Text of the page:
A New Scope of Loyalty and Rewards Program with Len Covello of Engage People | Soar Payments LLC

A New Scope of Loyalty and Rewards Program with Len Covello of Engage People

Loyalty and Rewards programs have a long history but they are constantly evolving. In this episode, Len Covello, CTO at Engage People Inc. educates us on loyalty and rewards programs, how they’re integrated into payments, and how AI plays a major role in personalizing each consumer’s experience.

Payments & Fintech Insights In This Episode

  • Loyalty Program in the payments world
  • The importance of integrating loyalty at the POS
  • What makes Engage People different from the market
  • Upcoming trends for the Loyalty industry

Featured on the Show

Episode Transcript

Len: So we’ve always seen points as a currency. Think of it as another fiat currency, just from a different region or country, if you will. So there’s an exchange value for that currency. But we always thought there should be a way for you to spend this anywhere you want. And that was the gap. So we offer loyalty solutions in the industry and redemption options. But really our focus is what we call the pay with point space. And what that’s saying is as a consumer, my points have a value and I want that value not necessarily to be redeemed against a traditional catalog or the travel trip. But I want to take my points from that single car rental and I want to walk out of the airport terminal where I got that car and use it for a coffee.

Jacob: Welcome to PayPod, the Payments Industry podcast. Each week, we’ll bring you in-depth conversations with leaders who are shaping the payments and fintech world from payment processing to risk management and from new technology to entirely new payment types. If you want to know what’s happening in the world of fintech and payments, you’re in the right place. Hello, everyone. Welcome to PayPod. I’m your host, Jacob Hollabaugh. And today on the show, we are diving into loyalty and rewards programs. And as someone who likely ranks, I don’t know, top 100, top 50, maybe top ten in the entire world in rewards points earned with a certain fast casual burrito chain. I can say with confidence that as a consumer, I love being rewarded for my loyalty and I’m very excited to talk about this topic through a payments lens. Joining me to explore the topic of loyalty programs is Len Covello, a member of Forbes Technology Council, as well as the chief technology officer at Engage People, a company whose mission it is to integrate loyalty into every transaction. Len, thanks for being here. Welcome to the show.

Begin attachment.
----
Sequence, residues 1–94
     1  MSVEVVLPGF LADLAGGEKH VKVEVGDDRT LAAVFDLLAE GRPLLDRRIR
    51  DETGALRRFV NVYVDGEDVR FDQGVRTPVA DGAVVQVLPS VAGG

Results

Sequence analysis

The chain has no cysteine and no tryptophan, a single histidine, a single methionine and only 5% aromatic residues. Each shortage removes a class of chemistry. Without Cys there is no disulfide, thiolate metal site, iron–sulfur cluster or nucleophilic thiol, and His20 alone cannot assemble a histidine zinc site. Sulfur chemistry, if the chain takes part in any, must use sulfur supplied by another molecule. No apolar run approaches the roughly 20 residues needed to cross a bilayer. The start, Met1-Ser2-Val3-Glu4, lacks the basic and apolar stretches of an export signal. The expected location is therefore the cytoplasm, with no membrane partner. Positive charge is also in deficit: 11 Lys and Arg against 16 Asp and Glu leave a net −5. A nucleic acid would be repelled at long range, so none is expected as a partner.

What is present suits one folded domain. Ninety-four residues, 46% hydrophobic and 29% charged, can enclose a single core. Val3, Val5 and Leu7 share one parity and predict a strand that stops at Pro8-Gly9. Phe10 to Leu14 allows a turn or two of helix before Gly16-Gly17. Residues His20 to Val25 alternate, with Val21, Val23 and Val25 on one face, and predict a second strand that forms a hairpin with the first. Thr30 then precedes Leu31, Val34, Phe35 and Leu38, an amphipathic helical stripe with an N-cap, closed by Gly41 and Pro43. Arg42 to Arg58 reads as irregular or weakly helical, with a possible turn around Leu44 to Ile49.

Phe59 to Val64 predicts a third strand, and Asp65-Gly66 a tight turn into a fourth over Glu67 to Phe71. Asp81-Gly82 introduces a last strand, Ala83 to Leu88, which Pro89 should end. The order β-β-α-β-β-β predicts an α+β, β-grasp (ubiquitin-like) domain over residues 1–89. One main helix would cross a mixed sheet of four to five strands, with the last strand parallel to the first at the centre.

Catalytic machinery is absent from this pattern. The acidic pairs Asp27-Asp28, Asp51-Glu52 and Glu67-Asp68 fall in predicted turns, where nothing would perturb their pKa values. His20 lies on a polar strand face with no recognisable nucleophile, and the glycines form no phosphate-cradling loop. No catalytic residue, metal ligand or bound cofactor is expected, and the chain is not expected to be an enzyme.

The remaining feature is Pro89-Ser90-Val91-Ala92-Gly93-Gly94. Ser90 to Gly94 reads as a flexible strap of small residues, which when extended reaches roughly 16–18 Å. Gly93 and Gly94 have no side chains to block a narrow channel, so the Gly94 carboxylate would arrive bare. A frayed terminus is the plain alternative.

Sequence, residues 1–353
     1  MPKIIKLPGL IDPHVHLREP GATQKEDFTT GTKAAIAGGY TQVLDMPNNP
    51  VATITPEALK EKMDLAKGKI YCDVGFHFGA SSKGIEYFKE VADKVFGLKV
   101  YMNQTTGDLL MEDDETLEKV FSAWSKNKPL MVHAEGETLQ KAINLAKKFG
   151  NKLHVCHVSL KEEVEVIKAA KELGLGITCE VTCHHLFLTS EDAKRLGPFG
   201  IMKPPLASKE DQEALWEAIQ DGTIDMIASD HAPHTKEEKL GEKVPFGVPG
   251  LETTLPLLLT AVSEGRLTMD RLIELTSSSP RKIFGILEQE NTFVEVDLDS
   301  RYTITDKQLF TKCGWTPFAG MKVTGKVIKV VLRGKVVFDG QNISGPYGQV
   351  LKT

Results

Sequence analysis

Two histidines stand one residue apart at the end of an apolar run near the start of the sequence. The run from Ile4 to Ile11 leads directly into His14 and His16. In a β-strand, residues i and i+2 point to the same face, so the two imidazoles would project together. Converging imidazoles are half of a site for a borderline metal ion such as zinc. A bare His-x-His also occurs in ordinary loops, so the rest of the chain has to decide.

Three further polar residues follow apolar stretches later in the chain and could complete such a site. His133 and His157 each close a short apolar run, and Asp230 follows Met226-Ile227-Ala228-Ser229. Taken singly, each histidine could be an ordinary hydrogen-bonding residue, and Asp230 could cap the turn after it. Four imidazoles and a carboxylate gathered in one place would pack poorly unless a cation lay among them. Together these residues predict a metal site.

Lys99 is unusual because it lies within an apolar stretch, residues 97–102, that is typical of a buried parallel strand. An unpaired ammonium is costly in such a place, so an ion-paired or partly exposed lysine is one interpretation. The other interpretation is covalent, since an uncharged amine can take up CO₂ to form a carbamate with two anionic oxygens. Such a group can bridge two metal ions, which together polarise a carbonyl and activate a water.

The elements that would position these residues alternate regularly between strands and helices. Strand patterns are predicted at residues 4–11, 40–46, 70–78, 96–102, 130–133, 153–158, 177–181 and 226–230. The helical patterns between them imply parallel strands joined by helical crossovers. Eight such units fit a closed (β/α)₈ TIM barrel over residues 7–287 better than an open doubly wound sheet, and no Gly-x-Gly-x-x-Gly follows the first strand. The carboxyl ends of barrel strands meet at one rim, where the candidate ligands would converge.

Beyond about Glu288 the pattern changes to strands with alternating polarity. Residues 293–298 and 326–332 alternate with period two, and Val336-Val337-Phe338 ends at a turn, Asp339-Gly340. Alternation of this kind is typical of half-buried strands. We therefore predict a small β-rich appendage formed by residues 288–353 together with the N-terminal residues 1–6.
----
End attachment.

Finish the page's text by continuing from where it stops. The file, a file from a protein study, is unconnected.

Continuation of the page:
Len: Jacob a pleasure to be here and we appreciate your loyalty.

Jacob: I hope all of the brands and merchants and things out there that I am loyalty are appreciated as much as I’d like to think they do. I’d like to start here, which is what is it about creating loyalty between consumer and merchant that got you so hooked on loyalty programs in the first place? As a place to focus so much of your time and your career and your efforts?

Len: I think it’s a mix of the personal desire to be part of loyalty programs. No different than yourself. I’m an avid user of loyalty programs, specific types, and I think we’ll get into that. And then at heart, I’m a technologist. So early on in my career we were building different solutions, more of a professional services side of things, and when we got introduced to the loyalty space, it just hooked us in as an organization and before Engage became a loyalty focused, just seeing how programs were run, understanding where technology could take them. It was just something that kind of hooked us in as an organization. So seeing the benefit of what technology can bring to loyalty, how it makes things easier both for the consumer and for the program themselves, has hooked us in and hook, line and sinker. We’re all in on this.

Jacob: Awesome. What was Engage doing prior to that pivot into the loyalty space?